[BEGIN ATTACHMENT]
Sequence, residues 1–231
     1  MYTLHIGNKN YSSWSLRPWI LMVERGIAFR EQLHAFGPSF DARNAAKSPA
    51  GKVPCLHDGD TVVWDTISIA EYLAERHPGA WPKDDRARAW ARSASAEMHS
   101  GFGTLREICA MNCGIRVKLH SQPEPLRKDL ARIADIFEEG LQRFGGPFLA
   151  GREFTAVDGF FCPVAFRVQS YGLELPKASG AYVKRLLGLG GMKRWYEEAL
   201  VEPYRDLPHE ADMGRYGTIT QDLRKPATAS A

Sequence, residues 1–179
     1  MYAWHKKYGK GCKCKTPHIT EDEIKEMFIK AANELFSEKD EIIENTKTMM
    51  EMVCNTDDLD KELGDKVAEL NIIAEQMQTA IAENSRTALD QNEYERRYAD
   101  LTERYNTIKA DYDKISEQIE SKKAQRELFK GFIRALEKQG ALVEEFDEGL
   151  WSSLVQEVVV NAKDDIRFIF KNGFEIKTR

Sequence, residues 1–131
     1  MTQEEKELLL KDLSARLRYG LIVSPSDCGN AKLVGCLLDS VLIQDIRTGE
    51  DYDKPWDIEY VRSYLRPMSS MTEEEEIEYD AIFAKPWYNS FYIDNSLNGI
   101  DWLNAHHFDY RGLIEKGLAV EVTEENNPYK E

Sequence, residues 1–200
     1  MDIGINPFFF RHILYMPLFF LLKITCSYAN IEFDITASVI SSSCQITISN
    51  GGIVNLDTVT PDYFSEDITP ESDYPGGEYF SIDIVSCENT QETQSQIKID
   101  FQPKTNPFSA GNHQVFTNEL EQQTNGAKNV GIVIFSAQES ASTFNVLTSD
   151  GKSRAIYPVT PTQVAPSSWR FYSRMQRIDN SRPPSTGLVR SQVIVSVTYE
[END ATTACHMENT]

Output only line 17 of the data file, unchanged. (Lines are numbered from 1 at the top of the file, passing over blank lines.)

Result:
     1  MDIGINPFFF RHILYMPLFF LLKITCSYAN IEFDITASVI SSSCQITISN